|By Augustus Mayhew
As the Royal Poinciana Plaza and Playhouse's redevelopment concept plan enters a new arena after years of contentious hearings and lawsuits, Palm Beachers must wonder whether the complex is any closer to staging a comeback, however much the mid-1950's mixed-use ensemble of buildings is unlike anything else on the island, there is apparently strong support to keep the property unchanged.
|On Wednesday February 18th nationally-renowned architect Ann Beha and landscape architect Morgan Wheelock presented Sterling Palm Beach LLC’s master plan for the Royal Poinciana Plaza and Playhouse to the Landmarks Preservation Commission in a five-hour informal format.
This follows the Town Council’s 3-2 vote in November landmarking the playhouse and the entire 12-acre shopping plaza over the protest of Beha and the developers who only wanted to historically designate the two bookend arcade buildings At that time, the councilman and the town’s leading preservationists encouraged the developers to take their plan to the Landmarks Preservation Commission and receive their input.
|As I arrived for Wednesday's SRO morning session, newly-elected Town Councilman William Diamond was directing Terry Alan Kramer to a seat, while an angry gentleman at the microphone was threatening to sue the Town of Palm Beach if it approved the plan. Obviously, he is unaware that threat doesn’t go far in PB.
Nonetheless, just in case the prolonged emotional battle over the fate of the shopping center and theatre became unruly an armed uniformed Palm Beach policeman stood guard at the back of the hearing chamber.
|Ever since last April when Palm Beach resident, Lee Munder, and his twin sons, Adam and Ryan Munder, along with Brian Kosoy, formed Sterling Palm Beach LLC, and leased the shopping plaza and playhouse from owner Sidney Spiegel, whose previous attempts at redevelopment failed, they have found themselves at odds with formidable opponents, most vocally, The Palm Beach Theater Guild, who seek to operate the theater as it exists, and the neighboring Palm Beach Towers condominium association, who do not want condominiums blocking their water views and claim that Beha’s plan, “Put their backyard in our front yard …and their development will decrease the value of every apartment in the Palm Beach Towers.” More than 185 of The Towers' 277 residents oppose the plan and have vowed to take every legal means possible to block it.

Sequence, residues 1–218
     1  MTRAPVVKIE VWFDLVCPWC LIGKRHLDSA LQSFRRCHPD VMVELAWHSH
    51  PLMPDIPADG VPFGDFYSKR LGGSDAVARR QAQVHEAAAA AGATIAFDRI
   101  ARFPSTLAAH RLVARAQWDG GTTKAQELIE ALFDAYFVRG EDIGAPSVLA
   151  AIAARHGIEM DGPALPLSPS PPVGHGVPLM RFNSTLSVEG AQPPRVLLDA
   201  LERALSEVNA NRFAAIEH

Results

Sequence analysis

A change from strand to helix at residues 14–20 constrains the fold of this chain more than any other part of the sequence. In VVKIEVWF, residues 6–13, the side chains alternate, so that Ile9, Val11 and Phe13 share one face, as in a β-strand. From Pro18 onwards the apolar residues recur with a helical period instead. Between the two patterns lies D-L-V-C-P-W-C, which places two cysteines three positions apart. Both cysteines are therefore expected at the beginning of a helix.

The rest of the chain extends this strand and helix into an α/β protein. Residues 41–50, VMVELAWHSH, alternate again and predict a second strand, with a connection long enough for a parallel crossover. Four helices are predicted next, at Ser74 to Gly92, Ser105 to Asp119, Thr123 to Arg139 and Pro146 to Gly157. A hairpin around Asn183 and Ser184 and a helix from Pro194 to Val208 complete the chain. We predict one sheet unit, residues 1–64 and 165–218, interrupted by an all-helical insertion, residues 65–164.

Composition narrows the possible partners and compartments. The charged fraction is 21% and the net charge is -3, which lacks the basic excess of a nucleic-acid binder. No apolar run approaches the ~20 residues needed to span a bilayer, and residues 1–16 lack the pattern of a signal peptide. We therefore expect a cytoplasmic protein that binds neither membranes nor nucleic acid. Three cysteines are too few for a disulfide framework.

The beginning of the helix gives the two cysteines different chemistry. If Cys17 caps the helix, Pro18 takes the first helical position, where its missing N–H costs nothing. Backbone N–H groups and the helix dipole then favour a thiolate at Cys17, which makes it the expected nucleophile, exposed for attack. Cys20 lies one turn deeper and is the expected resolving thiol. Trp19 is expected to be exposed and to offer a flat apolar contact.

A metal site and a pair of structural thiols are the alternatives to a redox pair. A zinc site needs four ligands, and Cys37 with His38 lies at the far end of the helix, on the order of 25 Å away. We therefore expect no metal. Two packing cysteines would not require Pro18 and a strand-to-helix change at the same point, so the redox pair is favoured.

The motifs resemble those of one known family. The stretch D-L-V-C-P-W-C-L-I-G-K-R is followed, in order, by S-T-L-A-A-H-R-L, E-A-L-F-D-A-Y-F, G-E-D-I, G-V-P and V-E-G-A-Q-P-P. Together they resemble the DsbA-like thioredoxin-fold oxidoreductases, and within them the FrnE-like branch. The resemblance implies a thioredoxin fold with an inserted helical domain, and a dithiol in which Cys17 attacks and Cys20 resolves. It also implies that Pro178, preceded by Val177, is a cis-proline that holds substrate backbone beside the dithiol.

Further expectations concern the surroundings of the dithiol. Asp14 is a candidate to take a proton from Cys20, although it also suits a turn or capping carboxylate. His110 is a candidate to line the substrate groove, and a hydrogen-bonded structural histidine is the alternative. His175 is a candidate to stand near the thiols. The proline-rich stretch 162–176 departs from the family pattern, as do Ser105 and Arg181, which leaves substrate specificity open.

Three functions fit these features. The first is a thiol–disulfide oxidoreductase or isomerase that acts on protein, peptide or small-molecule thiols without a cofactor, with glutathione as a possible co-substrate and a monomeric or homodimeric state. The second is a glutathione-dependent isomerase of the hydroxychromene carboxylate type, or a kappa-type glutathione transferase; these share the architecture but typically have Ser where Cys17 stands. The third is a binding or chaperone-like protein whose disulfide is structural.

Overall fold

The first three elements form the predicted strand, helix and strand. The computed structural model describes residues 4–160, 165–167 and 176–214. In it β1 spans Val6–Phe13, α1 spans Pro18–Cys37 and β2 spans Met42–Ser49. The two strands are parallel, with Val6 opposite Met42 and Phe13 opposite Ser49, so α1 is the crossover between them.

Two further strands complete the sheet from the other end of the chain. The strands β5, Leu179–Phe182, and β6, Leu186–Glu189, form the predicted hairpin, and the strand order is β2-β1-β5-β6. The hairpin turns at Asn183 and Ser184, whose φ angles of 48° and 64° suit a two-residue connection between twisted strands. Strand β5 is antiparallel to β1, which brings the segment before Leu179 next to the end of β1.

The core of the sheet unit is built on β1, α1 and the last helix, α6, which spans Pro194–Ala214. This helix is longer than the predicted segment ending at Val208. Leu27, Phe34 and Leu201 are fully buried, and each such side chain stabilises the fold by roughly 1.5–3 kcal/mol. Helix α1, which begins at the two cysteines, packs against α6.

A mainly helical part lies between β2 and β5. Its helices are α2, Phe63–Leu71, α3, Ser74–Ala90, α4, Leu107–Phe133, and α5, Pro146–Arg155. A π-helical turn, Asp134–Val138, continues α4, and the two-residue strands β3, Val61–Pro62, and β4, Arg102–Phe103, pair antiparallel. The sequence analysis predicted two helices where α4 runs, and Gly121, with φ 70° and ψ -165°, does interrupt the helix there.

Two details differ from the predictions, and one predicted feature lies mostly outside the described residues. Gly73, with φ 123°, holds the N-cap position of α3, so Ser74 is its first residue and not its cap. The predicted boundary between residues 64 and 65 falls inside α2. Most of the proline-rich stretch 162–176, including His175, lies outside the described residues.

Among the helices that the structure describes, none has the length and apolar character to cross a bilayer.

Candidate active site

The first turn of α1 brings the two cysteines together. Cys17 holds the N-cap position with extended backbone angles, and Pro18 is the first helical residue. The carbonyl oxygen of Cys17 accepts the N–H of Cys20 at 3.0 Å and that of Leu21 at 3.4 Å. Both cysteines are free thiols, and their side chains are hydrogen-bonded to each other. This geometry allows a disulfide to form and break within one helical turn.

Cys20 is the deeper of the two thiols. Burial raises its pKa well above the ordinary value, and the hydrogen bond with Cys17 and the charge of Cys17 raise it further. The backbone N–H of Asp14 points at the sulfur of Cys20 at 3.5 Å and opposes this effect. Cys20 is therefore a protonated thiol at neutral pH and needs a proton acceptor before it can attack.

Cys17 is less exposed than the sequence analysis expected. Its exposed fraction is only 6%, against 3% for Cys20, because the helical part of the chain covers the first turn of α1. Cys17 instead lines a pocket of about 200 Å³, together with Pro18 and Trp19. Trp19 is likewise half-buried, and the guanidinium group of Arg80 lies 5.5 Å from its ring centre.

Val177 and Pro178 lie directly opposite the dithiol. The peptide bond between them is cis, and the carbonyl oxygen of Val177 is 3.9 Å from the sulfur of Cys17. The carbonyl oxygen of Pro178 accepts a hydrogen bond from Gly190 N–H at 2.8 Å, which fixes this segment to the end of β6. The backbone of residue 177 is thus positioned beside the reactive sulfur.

Sterling Palm Beach LLC proposes to demolish all but the playhouse’s east façade, build a new 350-seat theater, demolish the Gucci building, Hibel building and the Slat House, enhance the existing shopping plaza, construct a four-story parking garage with “vegetative walls,” and add at least two five-story condominiums amidst a waterfront park ambience. At the November meeting, Lee Munder said he had already spent $1 million on the development plans and was ready to spend $100 million to complete the complex.
|The Palm Beach Theater Guild proposes to lease and operate the 900-seat theater, shut down since 2004, for plays, opera, ballet, symphony and film events. Under the vigilant direction of Patrick Henry Flynn, the Guild’s supporters include a Committee of Stars, Christopher Plummer, Dina Merrill, Sally Ann Howes, Edward Albee, Arlene Dahl, among them.|
|“Fantastic, we are blessed to have the Munders…”said Charles Roberts, a landmarks commission member.
Commission chairman Gene Pandula remarked on Beha’s “deep understanding” and the need to confront” the purity of preservation with the viability of the present.”
“Earth rotates, life evolves, a brilliant plan,” said Hazel Rubin. “A win-win,” she added.
Despite all the praise, Lorrie Volk, vice-president of the John L. Volk Foundation, was greeted with some applause when she described the LPC hearing as “capricious” and that the Sterling Palm Beach LLC only sought “the development rights to sell to someone else."
After everyone was heard, “What next?”
“I don’t know where to go,” said Mr. Kosoy, inferring that he would meet with his partners and attempt to come up with a game plan to maneuver the project through an unprecedented approval maze.
"I only go to the plaza for matzo ball soup when I am sick," said Laurel Baker, director of the PB Chamber of Commerce, "Let's get this thing started," she encouraged.
Photographs by Augustus Mayhew